Monday, June 10, 2013

Richard Viguerie on conservatism and criminal justice

A remarkable editorial published yesterday in the New York Times by right-wing direct-mail guru Richard Viguerie makes the "conservative case for prison reform." The article opens with this bold pronouncement: "Conservatives should recognize that the entire criminal justice system is another government spending program fraught with the issues that plague all government programs. Criminal justice should be subject to the same level of skepticism and scrutiny that we apply to any other government program."

The aging conservative fundraising pioneer concluded, "By confronting this issue head on, conservatives are showing that our principles lead to practical solutions that make government less costly and more effective. We need to do more of that. Conservatives can show the way by impressing on more of our allies and political leaders that criminal justice reform is part of a conservative agenda."

I wonder how our friends at the police unions and the prosecutors' association feel about that? Those special interests have become accustomed to much greater deference from self-styled conservatives than the movement has lately displayed toward them. As a result, they've tended to become resentful of the grassroots conservatives who presently control the Texas GOP.

In 2011, TDCAA's lobbyist Shannon Edmonds wrote that "This session's infusion of Tea Party sentiment in the legislative process has affected the standard law and order calculus that we use to gauge the potential fate of various bills. That 'Tea Party sentiment' can be boiled down to this: 'The government is the enemy. You work for the government. Do the math.'" He and Viguerie essentially agree on the conservative view of the justice system. The "enemy" rhetoric evinces paranoia, but Edmonds is right to fear that 21st century movement conservatives aren't as likely to give law enforcement a pass as their predecessors a decade or two ago.

Viguerie justly credits Texas for pioneering efforts in 2007 to reduce incarceration rates instead of spending an extra $2 billion or so on new prison construction. Texas has been deservedly lionized for its 2007 probation reforms, as were Sen. John Whitmire and since-retired Rep. Jerry Madden who co-authored the reforms. But here in the Lone Star State we're painfully aware that, since then, the state has been resting on its laurels and subsequent sessions, including the most recent one, failed to follow up with more substantive de-incarceration reforms.

Still, Viguerie's column is an adept, concise statement of small-government conservative principles on criminal justice and provides a useful template for pitching criminal-justice reform issues to movement conservatives, for whom Viguerie is a virtual godfather. Good stuff. Bully for Marc Levin and his "Right on Crime" coalition for recruiting so many high-profile conservative bigwigs to their cause.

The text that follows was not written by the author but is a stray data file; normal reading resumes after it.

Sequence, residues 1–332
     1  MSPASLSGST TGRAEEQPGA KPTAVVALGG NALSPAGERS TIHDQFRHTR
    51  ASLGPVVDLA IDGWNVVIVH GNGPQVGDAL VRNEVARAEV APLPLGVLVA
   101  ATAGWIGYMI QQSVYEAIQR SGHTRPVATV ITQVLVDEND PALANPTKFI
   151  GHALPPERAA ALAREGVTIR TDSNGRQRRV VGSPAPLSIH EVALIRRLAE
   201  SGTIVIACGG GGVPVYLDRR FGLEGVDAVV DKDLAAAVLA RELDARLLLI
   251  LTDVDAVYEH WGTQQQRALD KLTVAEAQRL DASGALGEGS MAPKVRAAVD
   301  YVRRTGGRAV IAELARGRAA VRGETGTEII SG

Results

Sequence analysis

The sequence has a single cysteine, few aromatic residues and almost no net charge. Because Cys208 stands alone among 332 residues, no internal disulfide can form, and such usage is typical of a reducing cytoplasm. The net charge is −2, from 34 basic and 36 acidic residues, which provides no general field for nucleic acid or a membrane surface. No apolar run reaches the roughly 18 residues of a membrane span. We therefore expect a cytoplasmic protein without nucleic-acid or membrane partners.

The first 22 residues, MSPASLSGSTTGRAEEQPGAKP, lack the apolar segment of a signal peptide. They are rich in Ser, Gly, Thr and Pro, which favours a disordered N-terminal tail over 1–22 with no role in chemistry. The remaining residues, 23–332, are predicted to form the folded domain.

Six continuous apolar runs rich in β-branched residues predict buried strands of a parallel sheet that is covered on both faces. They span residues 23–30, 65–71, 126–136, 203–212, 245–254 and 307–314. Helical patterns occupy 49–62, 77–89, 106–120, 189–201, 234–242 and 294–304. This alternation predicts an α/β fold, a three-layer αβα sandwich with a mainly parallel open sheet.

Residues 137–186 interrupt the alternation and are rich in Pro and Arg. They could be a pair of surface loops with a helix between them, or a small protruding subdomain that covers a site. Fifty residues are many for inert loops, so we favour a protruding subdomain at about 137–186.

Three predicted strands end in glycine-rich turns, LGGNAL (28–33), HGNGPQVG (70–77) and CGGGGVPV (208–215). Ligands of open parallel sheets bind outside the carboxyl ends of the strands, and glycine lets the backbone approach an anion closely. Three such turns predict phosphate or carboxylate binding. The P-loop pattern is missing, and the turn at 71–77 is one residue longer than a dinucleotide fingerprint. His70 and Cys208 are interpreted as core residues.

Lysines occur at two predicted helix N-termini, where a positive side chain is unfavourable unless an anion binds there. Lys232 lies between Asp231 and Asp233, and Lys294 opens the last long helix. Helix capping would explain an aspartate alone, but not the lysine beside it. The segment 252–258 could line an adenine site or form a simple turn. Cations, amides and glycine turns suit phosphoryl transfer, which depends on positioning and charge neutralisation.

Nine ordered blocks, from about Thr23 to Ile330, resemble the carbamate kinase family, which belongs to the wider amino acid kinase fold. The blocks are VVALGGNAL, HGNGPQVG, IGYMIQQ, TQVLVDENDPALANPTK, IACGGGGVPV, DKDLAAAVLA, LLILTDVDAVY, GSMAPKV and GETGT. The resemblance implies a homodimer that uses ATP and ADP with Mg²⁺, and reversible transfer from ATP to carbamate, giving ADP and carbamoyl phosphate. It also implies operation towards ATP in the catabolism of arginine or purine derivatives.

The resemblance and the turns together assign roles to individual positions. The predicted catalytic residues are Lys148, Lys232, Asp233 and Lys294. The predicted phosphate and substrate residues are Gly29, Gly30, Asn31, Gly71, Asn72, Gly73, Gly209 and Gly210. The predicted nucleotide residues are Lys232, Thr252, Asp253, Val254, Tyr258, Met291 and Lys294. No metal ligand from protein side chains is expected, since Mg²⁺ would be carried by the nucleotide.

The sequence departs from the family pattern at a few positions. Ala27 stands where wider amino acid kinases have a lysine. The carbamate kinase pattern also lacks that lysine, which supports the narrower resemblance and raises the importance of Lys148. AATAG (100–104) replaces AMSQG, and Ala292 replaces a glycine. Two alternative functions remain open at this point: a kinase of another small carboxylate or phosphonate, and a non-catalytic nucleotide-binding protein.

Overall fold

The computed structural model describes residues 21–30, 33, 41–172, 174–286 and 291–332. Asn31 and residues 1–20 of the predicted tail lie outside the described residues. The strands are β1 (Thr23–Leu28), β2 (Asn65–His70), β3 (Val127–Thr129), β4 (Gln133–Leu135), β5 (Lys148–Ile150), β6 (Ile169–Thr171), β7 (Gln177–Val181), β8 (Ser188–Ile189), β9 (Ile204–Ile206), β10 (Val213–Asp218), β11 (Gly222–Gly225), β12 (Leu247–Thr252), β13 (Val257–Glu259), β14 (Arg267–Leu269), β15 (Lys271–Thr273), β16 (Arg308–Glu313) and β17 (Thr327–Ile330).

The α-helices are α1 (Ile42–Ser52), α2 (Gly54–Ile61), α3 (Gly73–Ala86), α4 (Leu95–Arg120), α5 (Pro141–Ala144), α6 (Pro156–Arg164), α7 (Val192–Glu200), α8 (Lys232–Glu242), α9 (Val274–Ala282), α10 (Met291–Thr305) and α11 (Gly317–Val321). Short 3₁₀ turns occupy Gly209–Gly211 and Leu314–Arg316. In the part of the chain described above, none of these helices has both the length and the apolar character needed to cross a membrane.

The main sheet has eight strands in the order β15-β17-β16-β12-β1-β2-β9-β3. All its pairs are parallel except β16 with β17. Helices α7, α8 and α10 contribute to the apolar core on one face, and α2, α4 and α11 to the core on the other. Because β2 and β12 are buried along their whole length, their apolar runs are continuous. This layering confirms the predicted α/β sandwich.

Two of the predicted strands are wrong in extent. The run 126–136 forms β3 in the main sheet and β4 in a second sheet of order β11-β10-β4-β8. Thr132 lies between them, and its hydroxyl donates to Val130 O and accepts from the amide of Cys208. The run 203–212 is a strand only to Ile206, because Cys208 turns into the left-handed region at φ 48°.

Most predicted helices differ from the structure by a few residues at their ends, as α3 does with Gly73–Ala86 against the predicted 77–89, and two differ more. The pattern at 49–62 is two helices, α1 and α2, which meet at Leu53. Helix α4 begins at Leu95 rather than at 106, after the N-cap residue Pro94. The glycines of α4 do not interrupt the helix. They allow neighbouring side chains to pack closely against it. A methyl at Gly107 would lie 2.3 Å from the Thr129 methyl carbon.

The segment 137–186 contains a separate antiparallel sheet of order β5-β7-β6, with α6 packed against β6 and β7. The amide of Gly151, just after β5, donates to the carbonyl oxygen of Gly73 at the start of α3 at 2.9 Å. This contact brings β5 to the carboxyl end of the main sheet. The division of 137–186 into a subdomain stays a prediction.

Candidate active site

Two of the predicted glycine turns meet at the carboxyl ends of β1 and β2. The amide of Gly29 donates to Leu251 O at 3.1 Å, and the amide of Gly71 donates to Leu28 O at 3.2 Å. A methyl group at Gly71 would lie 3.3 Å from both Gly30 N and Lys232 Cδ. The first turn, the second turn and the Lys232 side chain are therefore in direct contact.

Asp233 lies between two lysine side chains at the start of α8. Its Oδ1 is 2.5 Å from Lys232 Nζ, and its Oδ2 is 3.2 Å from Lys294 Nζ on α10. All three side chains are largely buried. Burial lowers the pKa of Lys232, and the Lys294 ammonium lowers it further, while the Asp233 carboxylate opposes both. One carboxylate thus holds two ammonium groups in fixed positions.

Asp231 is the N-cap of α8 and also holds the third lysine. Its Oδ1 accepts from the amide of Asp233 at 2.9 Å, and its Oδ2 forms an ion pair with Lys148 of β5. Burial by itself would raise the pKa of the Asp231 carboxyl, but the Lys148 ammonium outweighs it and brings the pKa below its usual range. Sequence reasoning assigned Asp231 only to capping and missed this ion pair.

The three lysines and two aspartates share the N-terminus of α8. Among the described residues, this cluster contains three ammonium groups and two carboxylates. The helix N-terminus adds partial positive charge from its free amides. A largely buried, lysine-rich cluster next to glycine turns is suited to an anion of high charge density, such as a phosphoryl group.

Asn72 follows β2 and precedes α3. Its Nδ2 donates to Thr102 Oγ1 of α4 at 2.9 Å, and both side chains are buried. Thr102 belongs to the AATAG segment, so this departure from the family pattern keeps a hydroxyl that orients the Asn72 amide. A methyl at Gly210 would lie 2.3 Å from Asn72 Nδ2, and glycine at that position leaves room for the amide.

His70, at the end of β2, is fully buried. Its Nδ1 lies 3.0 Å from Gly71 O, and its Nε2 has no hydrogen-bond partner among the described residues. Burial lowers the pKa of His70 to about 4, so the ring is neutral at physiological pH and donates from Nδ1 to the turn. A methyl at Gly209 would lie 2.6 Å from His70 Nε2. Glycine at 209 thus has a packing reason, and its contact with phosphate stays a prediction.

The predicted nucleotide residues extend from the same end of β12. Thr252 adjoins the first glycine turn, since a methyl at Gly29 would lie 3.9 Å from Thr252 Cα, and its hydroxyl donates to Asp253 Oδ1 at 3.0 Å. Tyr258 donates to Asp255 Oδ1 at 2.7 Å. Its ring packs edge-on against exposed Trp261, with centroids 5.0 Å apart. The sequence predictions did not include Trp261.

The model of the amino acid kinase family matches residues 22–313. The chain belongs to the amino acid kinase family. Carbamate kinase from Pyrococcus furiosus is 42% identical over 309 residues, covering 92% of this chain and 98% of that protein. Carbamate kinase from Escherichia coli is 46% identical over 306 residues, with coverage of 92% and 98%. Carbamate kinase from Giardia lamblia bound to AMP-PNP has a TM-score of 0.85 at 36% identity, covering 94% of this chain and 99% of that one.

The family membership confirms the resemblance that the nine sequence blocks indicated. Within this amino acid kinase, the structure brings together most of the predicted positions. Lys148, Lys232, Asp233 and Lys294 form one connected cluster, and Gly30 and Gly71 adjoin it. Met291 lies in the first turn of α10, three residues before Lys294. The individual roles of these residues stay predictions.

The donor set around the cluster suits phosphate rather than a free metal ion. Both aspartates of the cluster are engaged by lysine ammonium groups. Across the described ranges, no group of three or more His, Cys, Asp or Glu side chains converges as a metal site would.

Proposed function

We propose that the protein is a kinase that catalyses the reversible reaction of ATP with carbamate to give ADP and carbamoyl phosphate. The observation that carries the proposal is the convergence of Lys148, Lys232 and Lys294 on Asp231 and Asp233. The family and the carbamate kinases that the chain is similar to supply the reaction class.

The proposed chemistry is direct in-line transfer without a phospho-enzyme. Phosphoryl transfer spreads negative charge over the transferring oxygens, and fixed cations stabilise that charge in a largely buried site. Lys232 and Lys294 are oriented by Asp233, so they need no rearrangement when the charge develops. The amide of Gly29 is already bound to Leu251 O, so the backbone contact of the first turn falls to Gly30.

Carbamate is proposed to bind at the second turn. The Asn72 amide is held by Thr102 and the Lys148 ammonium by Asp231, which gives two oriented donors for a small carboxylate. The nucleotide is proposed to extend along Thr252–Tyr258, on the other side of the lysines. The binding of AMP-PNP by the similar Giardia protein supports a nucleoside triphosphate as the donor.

Via The American Conservative.


Anonymous said...

You know, "soft on crime" is "soft on crime," regardless of which side of the aisle they come from. It makes no difference whether they want to spend the money on feel good welfare programs or not spend the money at all. Trying to fund a criminal justice system "on the cheap" is bad public policy and ultimately endangers lives. Sooner or later, allowing dangerous criminals to run loose will come back to bite these tea party types on the butt, just as it did the touchy, feely liberals of generations past. It make take them a while to figure this out, but eventually, and inevitably, they will figure it out. See, for example, Michael Dukakis.

Gritsforbreakfast said...

Right, Richard Viguerie = Michael Dukakis. Got it.

Of course, crime is declining despite reduced incarceration, but by all means don't let facts get in the way of your opinions.

Anonymous said...

Add George Will to that list .

I like the idea of ending plea bargaining and taking every single case to trail let se how tough on crime we are when we see the hidden cost of looking every one up and making every human behavior a felony .

How does locking up some one for decades make any one whole again as laws are intend ?

BTW Legalizing drug would reduce crime . It is easier than your think any president can or he FDA and DEA to schedule mod rugs currently illegal and those now sold at a pharmacies by prescription as OTC behind the counter and let people think for themselves also this reduces the cost of health care drastically . a win win

We could cut our prison budget drastically cut law enforcement and the cost of ligating a criminal case budgets and save on expenses which translates into lower taxes at every level . We're now talking 100s of billions and a safer society with more freedom

Texas Maverick said...

has anyone modeled taking every case to trial to estimate the time and cost involved? Might make DA's have to actually work for a change. Should be an interesting $$$. Yes to legal mj, but meth is yet to have an answer and is a bigger problem in rural areas.

Anonymous said...

DMN is reporting that Perry is considering slashing funds that support the Travis County Public Integrity Unit. Bad news. Very stupid

Anonymous said...

Oh hells bells, what will our District Attorneys campaign with if they can't huff and puff about how many "they" sent to the pen?